Rhona Bennett, Terry Ellis and Cindy Herron
Legendary! It’s a status very few groups ever attain. But for 30 years and counting, En Vogue has achieved this pinnacle on nothing but pure talent. And they are not letting up now. Still riding high off the global release of 2018’s Electric Café, their first album in 14 years, En Vogue is literally soaring as Terry Ellis, Cindy Herron and Rhona Bennett take the group to even greater heights.
Formed in 1989 in the Bay Area, En Vogue, comprised then of Ellis, Herron, Dawn Robinson and Maxine Jones, began their official takeover in 1990 with their hit single, “Hold On” from their critically-acclaimed debut album, Born To Sing, which reached number one on both the dance and R&B/Hip-Hop charts. Since then, they have sold over 20 million physical albums. More impressively, they have transitioned effortlessly into the digital age, garnering over 30 million streams and 26 million plus YouTube views for their Top 6 hit singles alone, which, in addition to “Hold On,” includes “Free Your Mind,” “Never Gonna Get It,” “Giving Him Something He Can Feel,” “Don’t Let Go” and “Whatta Man” (feat. Salt N Pepa).
Today the evolution of En Vogue, now a trio with Bennett, whose pre-group highlights include her childhood stint alongside future musical powerhouses Christina Aguilera, Justin Timberlake and Britney Spears on the Disney Channel’s The All-New Mickey Mouse Club, is still thriving. Ellis credits the transition to “respecting the fact that we’re all individuals and respecting everyone’s decision to do and be and have what they want and what they choose.” As for the group’s longevity, Ellis points to “gratitude” as the key. “It’s just appreciating the opportunity,” she says. “It’s really been a blessing and I think it would be a shame to take it for granted and walk away from it.”
Doubling down on their En Vogue legacy has yielded tremendous fruit. “Rocket,” their Ne-Yo-penned, Curtis “Sauce” Wilson-produced, lead radio single from Electric Café, which blends the group’s signature harmonies with a futuristic language for romance, became their first Top 10 single in 20 years. To date, the video, playing up the intergalactic love vibe, has nearly 2 million YouTube views. Their second single, “Reach 4 Me,” a catchy song instructing a lover how to keep the relationship alive, hit the Top 20. The album itself on En Vogue Records, the label formed by Herron and Ellis in 2016 and distributed by eOne Music, reached the Top 20 on Billboard’s independent album chart. Wisely, the critically acclaimed album builds on all that makes En Vogue great---killer vocals infused with class.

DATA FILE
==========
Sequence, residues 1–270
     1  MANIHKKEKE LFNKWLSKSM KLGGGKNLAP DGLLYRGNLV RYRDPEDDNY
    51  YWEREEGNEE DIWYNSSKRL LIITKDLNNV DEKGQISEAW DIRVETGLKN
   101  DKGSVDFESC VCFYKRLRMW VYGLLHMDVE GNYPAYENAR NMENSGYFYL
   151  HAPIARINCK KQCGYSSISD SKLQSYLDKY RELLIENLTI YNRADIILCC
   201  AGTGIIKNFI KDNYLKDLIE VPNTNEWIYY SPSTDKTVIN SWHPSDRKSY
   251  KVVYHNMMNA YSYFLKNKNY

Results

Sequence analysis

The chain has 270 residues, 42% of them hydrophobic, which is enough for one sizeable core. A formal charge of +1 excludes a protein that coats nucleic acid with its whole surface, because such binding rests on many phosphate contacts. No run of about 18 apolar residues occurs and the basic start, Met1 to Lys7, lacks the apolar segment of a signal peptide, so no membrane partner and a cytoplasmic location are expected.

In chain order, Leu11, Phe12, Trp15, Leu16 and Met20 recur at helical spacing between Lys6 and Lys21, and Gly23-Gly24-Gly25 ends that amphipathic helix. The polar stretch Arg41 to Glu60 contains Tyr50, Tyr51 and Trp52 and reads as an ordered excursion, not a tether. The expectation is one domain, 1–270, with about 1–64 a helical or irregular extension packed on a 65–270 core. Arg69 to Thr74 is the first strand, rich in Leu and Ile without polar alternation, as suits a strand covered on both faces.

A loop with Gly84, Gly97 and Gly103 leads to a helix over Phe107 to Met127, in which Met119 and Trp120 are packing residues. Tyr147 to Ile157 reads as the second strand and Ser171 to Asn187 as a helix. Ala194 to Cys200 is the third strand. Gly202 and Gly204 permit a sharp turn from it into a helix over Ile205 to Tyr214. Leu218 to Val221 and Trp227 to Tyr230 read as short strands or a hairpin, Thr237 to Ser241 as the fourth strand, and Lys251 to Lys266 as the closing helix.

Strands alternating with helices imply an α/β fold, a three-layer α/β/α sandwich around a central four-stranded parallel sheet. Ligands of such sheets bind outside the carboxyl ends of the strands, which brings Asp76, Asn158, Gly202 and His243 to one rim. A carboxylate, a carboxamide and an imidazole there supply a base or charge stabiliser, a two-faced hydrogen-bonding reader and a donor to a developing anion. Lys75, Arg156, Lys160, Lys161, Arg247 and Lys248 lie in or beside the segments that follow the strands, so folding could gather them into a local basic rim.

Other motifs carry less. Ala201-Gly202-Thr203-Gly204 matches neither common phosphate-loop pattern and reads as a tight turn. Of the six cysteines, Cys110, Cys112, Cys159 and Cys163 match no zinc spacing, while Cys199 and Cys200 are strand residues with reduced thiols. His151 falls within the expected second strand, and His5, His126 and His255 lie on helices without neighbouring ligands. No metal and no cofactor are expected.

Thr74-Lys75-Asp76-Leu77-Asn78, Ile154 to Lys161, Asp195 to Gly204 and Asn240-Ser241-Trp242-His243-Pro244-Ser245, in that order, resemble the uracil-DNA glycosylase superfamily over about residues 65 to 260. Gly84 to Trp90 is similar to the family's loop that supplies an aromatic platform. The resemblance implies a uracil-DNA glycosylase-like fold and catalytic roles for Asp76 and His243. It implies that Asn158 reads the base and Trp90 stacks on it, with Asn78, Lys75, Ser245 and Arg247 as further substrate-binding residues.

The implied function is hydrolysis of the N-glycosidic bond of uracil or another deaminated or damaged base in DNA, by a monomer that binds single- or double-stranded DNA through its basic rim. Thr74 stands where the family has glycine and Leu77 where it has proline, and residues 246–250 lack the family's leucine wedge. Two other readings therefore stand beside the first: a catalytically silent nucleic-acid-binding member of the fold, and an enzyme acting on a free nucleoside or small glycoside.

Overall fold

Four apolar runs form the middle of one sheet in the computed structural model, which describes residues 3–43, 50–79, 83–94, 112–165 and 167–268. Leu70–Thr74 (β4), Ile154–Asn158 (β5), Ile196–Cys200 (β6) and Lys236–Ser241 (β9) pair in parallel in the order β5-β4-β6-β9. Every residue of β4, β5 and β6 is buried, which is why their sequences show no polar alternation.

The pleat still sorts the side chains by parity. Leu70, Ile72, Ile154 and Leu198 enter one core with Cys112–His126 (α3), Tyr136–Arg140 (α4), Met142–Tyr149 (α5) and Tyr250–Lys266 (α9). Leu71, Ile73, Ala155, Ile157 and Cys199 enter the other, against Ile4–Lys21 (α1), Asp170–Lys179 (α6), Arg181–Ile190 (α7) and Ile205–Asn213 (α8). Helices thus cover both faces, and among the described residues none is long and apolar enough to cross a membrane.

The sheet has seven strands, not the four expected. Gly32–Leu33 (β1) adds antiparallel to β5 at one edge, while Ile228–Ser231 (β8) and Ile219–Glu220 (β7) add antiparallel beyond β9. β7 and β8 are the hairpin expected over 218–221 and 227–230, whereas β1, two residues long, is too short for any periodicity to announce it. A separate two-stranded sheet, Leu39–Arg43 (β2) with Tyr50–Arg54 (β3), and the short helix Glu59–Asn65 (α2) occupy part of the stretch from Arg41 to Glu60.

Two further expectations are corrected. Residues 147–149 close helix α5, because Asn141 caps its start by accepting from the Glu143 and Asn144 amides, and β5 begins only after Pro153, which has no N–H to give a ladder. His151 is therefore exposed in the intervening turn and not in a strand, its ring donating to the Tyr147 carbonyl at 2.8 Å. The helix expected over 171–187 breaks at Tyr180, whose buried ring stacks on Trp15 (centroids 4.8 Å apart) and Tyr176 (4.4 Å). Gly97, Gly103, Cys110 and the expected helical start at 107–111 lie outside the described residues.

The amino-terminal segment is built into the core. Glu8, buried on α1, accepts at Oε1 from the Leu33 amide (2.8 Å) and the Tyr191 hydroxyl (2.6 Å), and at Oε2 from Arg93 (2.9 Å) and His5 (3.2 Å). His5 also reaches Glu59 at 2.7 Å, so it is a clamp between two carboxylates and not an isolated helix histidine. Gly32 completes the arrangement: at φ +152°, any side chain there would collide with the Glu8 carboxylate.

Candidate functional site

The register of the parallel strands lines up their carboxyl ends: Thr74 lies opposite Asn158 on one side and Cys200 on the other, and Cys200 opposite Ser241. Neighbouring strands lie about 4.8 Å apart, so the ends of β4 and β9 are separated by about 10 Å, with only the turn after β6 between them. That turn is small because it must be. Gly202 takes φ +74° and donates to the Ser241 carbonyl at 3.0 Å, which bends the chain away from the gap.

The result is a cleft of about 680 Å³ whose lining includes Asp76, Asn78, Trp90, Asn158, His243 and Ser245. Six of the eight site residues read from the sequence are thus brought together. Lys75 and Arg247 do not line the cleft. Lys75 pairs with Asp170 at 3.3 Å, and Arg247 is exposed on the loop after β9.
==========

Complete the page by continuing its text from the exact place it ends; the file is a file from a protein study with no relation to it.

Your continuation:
Thirty years later, the ladies remain the epitome of beauty and grace, proving that women can not only top and control the game on their own terms long-term, but look incredible and fashionable while doing so. As for keeping their pristine vocals and their bodies fit to maintain their signature high-energy, crowd-pleasing performance standard, the divas credit a largely plant-based diet and vigorous workout routines. Keeping their sound fresh hasn’t been hard for the trio. “We were just looking for a vibe,” says Herron of their first studio album since 2004. “In the beginning, we were feeling that electronic dance sound, but then the music started to evolve creatively.” Barrett chimes in that “we love the authenticity of hip-hop and the fusion of old school rhythm with a contemporary sound.” The result has been stunning.
In addition to “Rocket,” other standouts include “I’m Good,” written and produced by Raphael Saadiq, as well as “Déjà vu” and “Blue Skies” from the group’s original production duo, Denzil Foster and Thomas McElroy and “Have a Seat” featuring Snoop Dogg. Not only sonically pleasing, the album overflows with key messaging about women’s empowerment, self-love and healthy relationships.
Constantly touring, Ellis says “There has never been a time when we didn’t have a show on the books.” At the top of 2018, the trio treated their European fans with shows in Ireland, the United Kingdom, Holland and Germany. In the United States, they stay on the road and in our ears, as their music is heard in such films as Captain Marvel and What Men Want as well as such TV shows as Pose and 9-1-1. En Vogue also hopes to add more acting to their credits, which includes their own 2014 Lifetime film, An En Vogue Christmas. During their time off, the ladies enjoy spending time with loved ones, which for Herron includes a husband and four kids. They also give back with The HollyRod Foundation, which provides medical, physical, and emotional support to families living with autism and individuals battling Parkinson’s disease, as well as non-profit organizations that rescue victims from human trafficking and provide them with educational and job training, topping their philanthropic efforts.
Change may be inevitable, but some things remain magically the same. Three decades later, En Vogue continues to set a high standard for women in music. Their crowns remain intact. In a fickle industry, they have not only been able to “hold on,” but they’ve ascended to their “legendary” status on their own terms.
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